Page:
Genova is a city of contrasts, of grand palaces and of narrow maze-like streets called caruggi, of Baroque cathedrals and of hole-in-the-wall fish fry joints. Like Naples, the city spills down towards the water and sprawls up into the hills. You can ride the funicular or a lift to take in the view from above, and you can walk along the caruggi and view life close up.
Time constraints meant that we had to compress our visit into a single day. But it was a great day, a packed day, thanks to friends Emanuela and Anna of Beautiful Liguria, who organized a food-focused tour of the city’s historic centro. Here are a few highlights from our taste of Genova. Enjoy!
Pietro Romanengo Fu Stefano is a 235-year-old confectionary. The family-run operation still uses its original recipes to make glacéed fruits, marzipan, chocolates, preserves, and syrups. By the way, Italian cities and towns are filled with such gems ~ small, elegant shops offering all sorts of edible treasures. Wherever you are in Italy, you should seek out these places, not only for what they sell, but also to get a glimpse of their interiors: gilded mirrors, polished wood and cornices, Venetian chandeliers, soft, worn marble, and trompe l’oeil flourishes on the walls.
Fish ~ fresh, salt-packed, and air-dried ~ is a staple in Genovese cooking. The hanging fish in the second photo below is stockfish, unsalted, air-dried cod. Like baccala (salt cod), it must be soaked in cold water over several days before cooking, and is typically served stewed, with tomatoes, potatoes, anchovies, olives, and pine nuts. Other common fish are octopus, cuttlefish, and, of course, anchovies.
The mercato orientale, the city’s covered market on Via XX Settembre, has been in action since the early days of unification. Wandering among the stalls, you’ll find a wide array of pantry staples, from legumes to meats and cheeses, and a huge selection of fresh fruits and vegetables. The green Seuss-like grassy stuff in the photo below is agretti, also known as “barba di frate,” or “monk’s beard.” The grassy plant is a mild-flavored succulent that is served either boiled or sautéed and dressed with lemon and olive oil. (Here’s a recipe from my friend Linda of Ciao Chow Linda.)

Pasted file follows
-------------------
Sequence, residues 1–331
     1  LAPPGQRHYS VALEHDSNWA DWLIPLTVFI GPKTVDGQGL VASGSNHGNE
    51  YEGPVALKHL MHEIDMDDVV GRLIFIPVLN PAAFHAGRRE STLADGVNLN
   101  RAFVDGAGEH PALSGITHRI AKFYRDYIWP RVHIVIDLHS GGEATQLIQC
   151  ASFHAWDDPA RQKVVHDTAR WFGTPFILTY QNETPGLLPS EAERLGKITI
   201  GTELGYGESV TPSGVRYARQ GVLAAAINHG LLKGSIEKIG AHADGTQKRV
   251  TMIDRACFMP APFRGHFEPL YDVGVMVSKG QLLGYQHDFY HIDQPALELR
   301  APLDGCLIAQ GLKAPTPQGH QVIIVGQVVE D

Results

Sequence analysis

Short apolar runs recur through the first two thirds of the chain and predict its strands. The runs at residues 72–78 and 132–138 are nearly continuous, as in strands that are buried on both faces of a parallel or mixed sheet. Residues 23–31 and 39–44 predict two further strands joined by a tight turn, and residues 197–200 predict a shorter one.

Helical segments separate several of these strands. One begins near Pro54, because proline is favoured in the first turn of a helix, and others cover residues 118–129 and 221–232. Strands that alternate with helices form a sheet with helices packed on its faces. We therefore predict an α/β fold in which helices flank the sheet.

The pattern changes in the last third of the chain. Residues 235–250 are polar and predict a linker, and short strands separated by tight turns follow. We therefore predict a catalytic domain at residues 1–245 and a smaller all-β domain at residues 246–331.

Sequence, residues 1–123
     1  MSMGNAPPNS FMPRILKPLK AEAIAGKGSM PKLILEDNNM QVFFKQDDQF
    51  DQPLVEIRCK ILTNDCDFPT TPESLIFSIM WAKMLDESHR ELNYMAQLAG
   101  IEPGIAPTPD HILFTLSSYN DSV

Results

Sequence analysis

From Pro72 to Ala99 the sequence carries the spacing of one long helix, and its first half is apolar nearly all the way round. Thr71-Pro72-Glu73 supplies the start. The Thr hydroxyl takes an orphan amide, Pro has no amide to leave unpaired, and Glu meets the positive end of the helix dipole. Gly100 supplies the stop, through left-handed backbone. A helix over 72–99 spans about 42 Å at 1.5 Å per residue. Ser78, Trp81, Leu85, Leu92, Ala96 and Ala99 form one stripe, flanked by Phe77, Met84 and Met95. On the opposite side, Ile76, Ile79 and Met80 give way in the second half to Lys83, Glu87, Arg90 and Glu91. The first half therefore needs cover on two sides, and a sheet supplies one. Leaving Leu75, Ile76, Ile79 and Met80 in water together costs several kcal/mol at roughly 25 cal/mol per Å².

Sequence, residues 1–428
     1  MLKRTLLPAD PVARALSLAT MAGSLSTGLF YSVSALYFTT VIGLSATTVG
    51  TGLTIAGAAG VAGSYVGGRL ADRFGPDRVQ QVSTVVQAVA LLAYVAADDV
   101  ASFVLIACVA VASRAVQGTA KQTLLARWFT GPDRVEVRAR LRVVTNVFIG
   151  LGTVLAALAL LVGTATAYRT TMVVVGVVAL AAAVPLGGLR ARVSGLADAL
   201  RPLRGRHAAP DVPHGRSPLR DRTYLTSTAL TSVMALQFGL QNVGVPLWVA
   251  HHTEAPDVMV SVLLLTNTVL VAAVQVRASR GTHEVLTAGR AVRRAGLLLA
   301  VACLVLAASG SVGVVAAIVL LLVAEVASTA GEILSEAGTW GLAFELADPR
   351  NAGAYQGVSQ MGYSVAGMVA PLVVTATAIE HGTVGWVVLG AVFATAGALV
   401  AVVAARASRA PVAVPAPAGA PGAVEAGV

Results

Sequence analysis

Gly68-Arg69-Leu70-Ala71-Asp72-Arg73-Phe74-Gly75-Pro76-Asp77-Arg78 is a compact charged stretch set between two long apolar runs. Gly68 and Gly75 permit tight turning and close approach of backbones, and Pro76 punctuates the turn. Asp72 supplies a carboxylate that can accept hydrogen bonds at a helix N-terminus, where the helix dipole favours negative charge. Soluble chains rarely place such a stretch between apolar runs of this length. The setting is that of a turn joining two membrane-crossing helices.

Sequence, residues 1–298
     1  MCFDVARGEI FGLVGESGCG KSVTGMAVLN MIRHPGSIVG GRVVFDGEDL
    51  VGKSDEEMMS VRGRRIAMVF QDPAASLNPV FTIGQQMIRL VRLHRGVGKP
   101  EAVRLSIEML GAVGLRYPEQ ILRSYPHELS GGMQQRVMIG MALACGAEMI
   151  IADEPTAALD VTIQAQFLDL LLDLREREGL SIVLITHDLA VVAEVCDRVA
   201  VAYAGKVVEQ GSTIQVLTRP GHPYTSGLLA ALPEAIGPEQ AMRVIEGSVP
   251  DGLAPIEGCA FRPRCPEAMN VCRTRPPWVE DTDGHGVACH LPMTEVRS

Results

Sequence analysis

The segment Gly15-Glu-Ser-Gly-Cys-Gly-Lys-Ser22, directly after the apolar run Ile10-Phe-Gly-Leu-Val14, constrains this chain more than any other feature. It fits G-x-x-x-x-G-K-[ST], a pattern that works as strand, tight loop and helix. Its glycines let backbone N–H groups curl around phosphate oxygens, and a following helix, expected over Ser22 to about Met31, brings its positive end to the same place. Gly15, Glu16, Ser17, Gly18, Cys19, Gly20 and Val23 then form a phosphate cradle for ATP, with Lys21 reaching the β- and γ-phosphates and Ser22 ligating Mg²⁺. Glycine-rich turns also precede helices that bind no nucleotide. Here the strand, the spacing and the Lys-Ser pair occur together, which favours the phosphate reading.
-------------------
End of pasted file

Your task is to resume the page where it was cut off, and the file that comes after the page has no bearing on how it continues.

For lunch we stopped in at Il Genovese, owned by Roberto Panizza. Panizza, who organizes a bi-annual pesto-making competition, has made it his mission to put the “Genovese” back in pesto. (You can buy his traditional-style sauce online at Gustiamo. La Cuisine, in Alexandria, VA, carries a beautiful selection of mortars and pestles made from Carrara marble.) Among the classic dishes we enjoyed were gnocchi with pesto and ravioli filled with greens and dressed with a creamy walnut sauce.
Meanwhile, down in the caruggi, along Via Sottoripa just back from the port, is where you’ll find the friggitorie, tiny casual joints selling fried seafood, slices of savory tortes filled with greens and artichokes, and farinata, a thin crepe-like bread made with chickpea flour. How I wish we had left room to sample.
Did I say we had no room left? I lied. There was no way I was not going to try Genova’s signature frozen treat, panera (pronounced PAH-neh-rah). It may look like an innocent coppa di gelato, but it is much more. Panera is a semifreddo of sorts, made with coffee, egg yolks, and lots of cream.
Panera is rich beyond belief, with a dense and at the same time mousse-like texture. According to my Facebook friend (and Genova native) Alessandro Megna, the dessert’s origins date back to the 19th Century. The name comes from the shortening of the words “panna” (cream) and “nera” (black). If I am able to master the recipe in my kitchen, you can bet I will post it here for you.